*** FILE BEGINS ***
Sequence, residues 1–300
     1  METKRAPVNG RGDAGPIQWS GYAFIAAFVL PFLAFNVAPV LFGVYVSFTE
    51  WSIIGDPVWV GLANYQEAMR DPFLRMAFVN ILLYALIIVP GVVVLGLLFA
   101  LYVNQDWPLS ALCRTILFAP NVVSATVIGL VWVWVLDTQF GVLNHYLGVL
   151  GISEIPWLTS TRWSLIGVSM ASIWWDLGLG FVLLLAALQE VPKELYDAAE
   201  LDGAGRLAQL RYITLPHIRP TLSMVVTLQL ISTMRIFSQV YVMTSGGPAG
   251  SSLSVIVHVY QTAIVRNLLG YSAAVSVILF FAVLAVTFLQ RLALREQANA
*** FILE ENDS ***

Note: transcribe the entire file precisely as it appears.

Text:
Sequence, residues 1–300
     1  METKRAPVNG RGDAGPIQWS GYAFIAAFVL PFLAFNVAPV LFGVYVSFTE
    51  WSIIGDPVWV GLANYQEAMR DPFLRMAFVN ILLYALIIVP GVVVLGLLFA
   101  LYVNQDWPLS ALCRTILFAP NVVSATVIGL VWVWVLDTQF GVLNHYLGVL
   151  GISEIPWLTS TRWSLIGVSM ASIWWDLGLG FVLLLAALQE VPKELYDAAE
   201  LDGAGRLAQL RYITLPHIRP TLSMVVTLQL ISTMRIFSQV YVMTSGGPAG
   251  SSLSVIVHVY QTAIVRNLLG YSAAVSVILF FAVLAVTFLQ RLALREQANA